In A quick look at reduce, foldl, foldr, and associative order, we discussed foldl
and foldr
, and we said that foldl
leftassociated its function, while foldr
rightassociated its function.
These expressions sound familiar. In high school (perhaps sooner!), we learned that some mathematical operators, such as plus and multiply, are associative, or have the associative property. Is this the same thing?
The answer is short, and would fit in a footnote. They are not the same thing. But let’s take our time, we can write some interesting code to demonstrate that they are not the same thing.
the associative property
A binary operation is “associative” if, when there is an expression containing two or more occurrences in a row of the same associative operator, the order in which the operations are performed does not matter as long as the sequence of the operands is not changed.
Let’s take “plus” as an example. If we want to add the numbers from one to four in JavaScript, we get the same answer no matter which one of these we write:
(((1 + 2) + 3) + 4)
((1 + (2 + 3)) + 4)
((1 + 2) + (3 + 4))
(1 + ((2 + 3) + 4))
(1 + (2 + (3 + 4)))
Because we always get the same answer, we say that plus has the associative property. Other binary operators that have the associative property include multiplication and catenation (of strings arrays, or lists in general).
Not all binary operators have the associative property. Subtraction does not have the associative property: ((4  3)  1) === 0
, but (4  (3  1)) === 2
. And as we saw in the previous post, binary composition does not have the associative property.
checking the associative property
The right thing to do when considering whether an operator has the associative property is to prove it. But we are software developers holding a testdriven hammer, and therefore every problem looks like a testsuite nail. So let’s write a little checker for the associative property.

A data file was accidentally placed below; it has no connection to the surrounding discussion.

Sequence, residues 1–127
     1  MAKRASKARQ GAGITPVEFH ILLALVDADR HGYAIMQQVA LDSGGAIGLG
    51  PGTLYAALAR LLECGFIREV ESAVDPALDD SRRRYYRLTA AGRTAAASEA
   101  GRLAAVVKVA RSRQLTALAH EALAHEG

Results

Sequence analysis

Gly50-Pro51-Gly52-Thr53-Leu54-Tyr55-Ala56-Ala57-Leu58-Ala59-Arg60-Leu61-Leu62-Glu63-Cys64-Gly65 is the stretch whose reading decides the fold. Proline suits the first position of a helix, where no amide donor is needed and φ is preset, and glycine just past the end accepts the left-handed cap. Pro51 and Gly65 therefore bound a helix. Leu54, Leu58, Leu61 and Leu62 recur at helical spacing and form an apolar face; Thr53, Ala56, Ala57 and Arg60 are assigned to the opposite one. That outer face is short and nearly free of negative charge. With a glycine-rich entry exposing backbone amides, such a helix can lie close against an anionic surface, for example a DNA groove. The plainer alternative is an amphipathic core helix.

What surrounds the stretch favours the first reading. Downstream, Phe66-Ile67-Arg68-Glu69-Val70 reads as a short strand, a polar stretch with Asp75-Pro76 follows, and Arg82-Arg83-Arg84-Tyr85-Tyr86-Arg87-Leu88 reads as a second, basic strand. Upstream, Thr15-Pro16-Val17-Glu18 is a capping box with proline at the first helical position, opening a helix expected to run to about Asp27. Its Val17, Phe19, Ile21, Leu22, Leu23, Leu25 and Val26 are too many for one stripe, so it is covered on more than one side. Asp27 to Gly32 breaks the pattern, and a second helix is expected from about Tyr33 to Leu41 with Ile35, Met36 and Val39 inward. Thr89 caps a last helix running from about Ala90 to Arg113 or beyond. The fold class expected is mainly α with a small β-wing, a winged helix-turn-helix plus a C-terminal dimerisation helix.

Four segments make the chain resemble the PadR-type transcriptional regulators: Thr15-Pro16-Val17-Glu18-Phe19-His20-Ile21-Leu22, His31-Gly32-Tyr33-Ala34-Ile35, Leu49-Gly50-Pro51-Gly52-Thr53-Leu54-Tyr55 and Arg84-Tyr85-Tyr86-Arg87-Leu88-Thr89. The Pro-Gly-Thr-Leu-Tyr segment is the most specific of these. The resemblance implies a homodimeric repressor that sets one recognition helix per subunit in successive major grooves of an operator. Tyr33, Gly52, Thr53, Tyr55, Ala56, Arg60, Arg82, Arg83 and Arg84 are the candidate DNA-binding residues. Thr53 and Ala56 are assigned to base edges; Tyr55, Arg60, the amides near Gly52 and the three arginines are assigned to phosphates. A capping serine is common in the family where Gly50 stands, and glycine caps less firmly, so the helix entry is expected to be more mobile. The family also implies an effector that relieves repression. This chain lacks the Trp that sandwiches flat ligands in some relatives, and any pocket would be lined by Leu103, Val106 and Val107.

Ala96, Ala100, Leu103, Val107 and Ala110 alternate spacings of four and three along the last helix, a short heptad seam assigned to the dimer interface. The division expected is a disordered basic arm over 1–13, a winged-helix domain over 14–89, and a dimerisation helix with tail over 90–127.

First things first, let’s write a representation for the order of operations. We start with an example, let’s say ((1 + (2 + 3)) + 4)
.
We’ll rewrite it using brackets: [[1 + [2 + 3]] + 4]
.
Then we’ll remove the operators: [[1 [2 3]] 4]
.
And add commas: [[1, [2, 3]], 4]
.
We now have nested arrays. What do they represent? A binary tree:
1 2 3 4
\ \ / /
\ + /
\ / /
+ /
\ /
+
The leaves of the tree are the operands, and the nodes are the places where we apply the operator. This is useful: We have taken something implicit, the order of applying an operator, and made it an explicit data structure.
Given this data structure, we can write a function that applies a binary operation to it. Naturally, we will represent the binary operation as a function:
const plus = (a, b) => a + b;
const applyOperator = (operator, [left, right]) => {
if (left instanceof Array) {
left = applyOperator(operator, left);
}
if (right instanceof Array) {
right = applyOperator(operator, right);
}
return operator(left, right);
}
And we can use our function to check that plus
has the associative property:
applyOperator(plus, [[[1, 2], 3], 4])
//=> 10
applyOperator(plus, [[1, [2, 3]], 4])
//=> 10
applyOperator(plus, [[1, 2], [3, 4]])
//=> 10
applyOperator(plus, [1, [[2, 3], 4]])
//=> 10
applyOperator(plus, [1, [2, [3, 4]]])
//=> 10
Unfortunately, our function won’t work for operations that take arrays as operands, so here’s a hacked up version using a Tuple
subclass of Array
, with an example of its use:^{1}
function Tuple (...elements) {
if (this === undefined) {
return Array.of.apply(Tuple, elements);
}
}
Tuple.prototype = Object.create(Array.prototype);
const applyOperator = (operator, [left, right]) => {
if (left instanceof Tuple) {
left = applyOperator(operator, left);
}
if (right instanceof Tuple) {
right = applyOperator(operator, right);
}
return operator(left, right);
}
const catenate = (a, b) => a.concat(b);
applyOperator(catenate, Tuple(Tuple(Tuple([1], [2]), [3]), [4]))
//=> [1, 2, 3, 4]
applyOperator(catenate, Tuple(Tuple([1], Tuple([2], [3])), [4]))
//=> [1, 2, 3, 4]
applyOperator(catenate, Tuple(Tuple([1], [2]), Tuple([3], [4])))
//=> [1, 2, 3, 4]
applyOperator(catenate, Tuple([1], Tuple(Tuple([2], [3]), [4])))